Adult Braces: No Longer Awkward!

 In Health, Spending

If you’re considering adult braces, I say from firsthand experience that it’s worth it. I’ve had braces twice in my life: from age 15-17, and 35-37. As a teenager, I wore the retainer as instructed for a few years, but I fell out of the habit during college. Over the next 18 years, my teeth reverted to their original crowded state. I became increasingly unhappy with my smile, and after much research, I decided to get braces again. Even though the treatment was a HUGE hassle, I’m glad I did it. You can see how crowded my teeth used to be, and now I love my smile.

I’ll describe how I reached my decision, the two-year process of having braces, and how I saved over $2,000 on the treatment:

Braces Research

Here’s an overview of the types of braces, ordered from least to most visible (and correspondingly, the most to least expensive). I’m going off my memory for the prices for everything but ceramic brackets, so speak with your orthodontist to get a firm estimate. These are San Francisco prices, so if you’re not in the Bay Area, the quoted price may be lower:

Type of braces Notes
Invisalign $10,000. Too pricey for my budget. Worried about increased cavity risk. Also worried about the temptation to not wear the trays as directed (vs. traditional braces where the brackets are glued to your teeth).
Lingual $9,000. Brackets glued to the inner part of your teeth. Too expensive for me. Worried about having a constant lisp.
Ceramic brackets $6,000. Tooth-colored brackets glued to the front of your teeth. What I selected.
Metal brackets $5,000. The cheapest option. Worried about metal mouth.

I chose ceramic brackets since they’re less obvious than metal brackets, and much cheaper than Invisalign and lingual braces. The average treatment time for adults is two years, and I didn’t want to have metal mouth for that long!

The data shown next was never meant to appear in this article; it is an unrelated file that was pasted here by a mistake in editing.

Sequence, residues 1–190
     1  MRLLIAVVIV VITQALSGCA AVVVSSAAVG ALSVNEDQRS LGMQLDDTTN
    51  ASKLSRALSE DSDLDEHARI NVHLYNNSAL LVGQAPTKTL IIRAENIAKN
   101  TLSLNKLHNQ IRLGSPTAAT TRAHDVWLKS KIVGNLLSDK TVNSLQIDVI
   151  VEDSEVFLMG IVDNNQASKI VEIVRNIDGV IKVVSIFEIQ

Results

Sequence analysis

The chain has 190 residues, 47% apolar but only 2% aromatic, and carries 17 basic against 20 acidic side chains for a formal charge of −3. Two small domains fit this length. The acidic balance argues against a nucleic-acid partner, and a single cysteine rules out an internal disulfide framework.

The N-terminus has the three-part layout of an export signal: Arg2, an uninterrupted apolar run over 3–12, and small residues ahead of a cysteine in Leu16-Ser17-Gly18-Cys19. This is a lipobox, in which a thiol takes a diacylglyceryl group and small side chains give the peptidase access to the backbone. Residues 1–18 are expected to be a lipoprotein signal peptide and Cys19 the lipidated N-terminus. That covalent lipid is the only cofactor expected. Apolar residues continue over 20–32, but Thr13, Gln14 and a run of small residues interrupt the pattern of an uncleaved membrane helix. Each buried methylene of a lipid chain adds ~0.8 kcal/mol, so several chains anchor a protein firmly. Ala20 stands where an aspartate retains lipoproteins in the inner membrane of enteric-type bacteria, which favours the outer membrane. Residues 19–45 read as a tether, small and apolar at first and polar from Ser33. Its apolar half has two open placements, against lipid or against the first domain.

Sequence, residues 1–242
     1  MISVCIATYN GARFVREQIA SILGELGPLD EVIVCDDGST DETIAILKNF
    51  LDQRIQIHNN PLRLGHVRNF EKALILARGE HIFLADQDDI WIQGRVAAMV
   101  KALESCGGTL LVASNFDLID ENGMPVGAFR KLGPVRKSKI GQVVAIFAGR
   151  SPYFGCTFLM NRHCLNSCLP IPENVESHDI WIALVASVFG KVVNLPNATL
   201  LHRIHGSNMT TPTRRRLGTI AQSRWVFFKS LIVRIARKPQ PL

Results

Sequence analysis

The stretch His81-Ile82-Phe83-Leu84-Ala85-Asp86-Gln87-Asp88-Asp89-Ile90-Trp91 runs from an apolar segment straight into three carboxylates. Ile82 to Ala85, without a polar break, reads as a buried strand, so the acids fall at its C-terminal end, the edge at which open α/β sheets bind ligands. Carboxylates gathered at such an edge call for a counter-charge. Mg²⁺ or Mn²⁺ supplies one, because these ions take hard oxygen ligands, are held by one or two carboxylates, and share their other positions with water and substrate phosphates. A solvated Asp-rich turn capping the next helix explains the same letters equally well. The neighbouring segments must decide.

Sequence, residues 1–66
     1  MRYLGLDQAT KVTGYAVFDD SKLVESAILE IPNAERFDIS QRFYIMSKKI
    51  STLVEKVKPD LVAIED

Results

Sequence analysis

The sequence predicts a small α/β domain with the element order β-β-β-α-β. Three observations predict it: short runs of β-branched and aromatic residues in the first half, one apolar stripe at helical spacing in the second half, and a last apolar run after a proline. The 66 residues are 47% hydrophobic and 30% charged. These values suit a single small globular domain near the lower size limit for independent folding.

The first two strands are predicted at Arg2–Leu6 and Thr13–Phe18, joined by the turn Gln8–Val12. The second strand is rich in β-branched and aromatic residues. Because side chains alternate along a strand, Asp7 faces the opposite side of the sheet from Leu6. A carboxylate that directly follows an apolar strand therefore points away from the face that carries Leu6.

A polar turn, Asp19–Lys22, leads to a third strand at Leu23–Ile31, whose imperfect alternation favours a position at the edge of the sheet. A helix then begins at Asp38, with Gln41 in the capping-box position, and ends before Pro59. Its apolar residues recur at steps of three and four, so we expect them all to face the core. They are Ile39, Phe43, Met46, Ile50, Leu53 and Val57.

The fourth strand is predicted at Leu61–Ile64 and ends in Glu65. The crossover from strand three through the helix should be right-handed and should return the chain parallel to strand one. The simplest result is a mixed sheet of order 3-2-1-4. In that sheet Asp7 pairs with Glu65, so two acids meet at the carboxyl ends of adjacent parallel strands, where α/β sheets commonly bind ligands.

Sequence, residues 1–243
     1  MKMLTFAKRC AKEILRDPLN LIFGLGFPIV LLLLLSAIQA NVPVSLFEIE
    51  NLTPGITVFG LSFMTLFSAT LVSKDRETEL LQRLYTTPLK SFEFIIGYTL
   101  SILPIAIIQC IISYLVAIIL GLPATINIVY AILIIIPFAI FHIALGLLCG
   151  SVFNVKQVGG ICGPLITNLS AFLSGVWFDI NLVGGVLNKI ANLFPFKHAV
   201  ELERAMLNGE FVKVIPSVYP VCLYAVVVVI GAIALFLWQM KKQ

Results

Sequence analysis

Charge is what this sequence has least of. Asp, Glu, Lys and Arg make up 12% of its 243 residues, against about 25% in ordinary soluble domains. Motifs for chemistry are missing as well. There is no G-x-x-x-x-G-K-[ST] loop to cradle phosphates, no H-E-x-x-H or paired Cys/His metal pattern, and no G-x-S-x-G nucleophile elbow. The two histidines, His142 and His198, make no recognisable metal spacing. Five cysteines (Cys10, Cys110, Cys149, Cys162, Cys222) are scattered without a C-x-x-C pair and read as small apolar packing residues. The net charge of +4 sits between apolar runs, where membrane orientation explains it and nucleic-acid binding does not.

The Two-Year Process

Here is my timeline of braces treatment:

Dates Notes
March 2015 Free consultation with the orthodontist for estimated treatment time (they said 24 months, which was accurate) and an overview of treatment options and costs.
April 2015 Two appointments: one to take an x-ray (note: this was an additional $250) and glue the brackets and install spacers (60 minutes; the spacers were painful*), and another to install the wires (30 minutes).
April 2015-March 2017 Regular check-ups every six weeks to change to an increasingly thick wire. During this period, I also had to wear rubber bands of increasing thickness for about nine months to close my bite (24/7 for six months, nightly for three months).
April-October 2017 Retainers for six months 24/7, then nightly for the rest of my life.

*Word of warning for those with crowded teeth and large molars: the spacers were the worst. The orthodontist wanted to place metal bands around the last molars to serve as an anchor for the wires, but they needed to create space first. After jamming plastic clips between my teeth and living with the discomfort for one week, it was all for nothing because they STILL couldn’t fit the bands around my gigantic molars.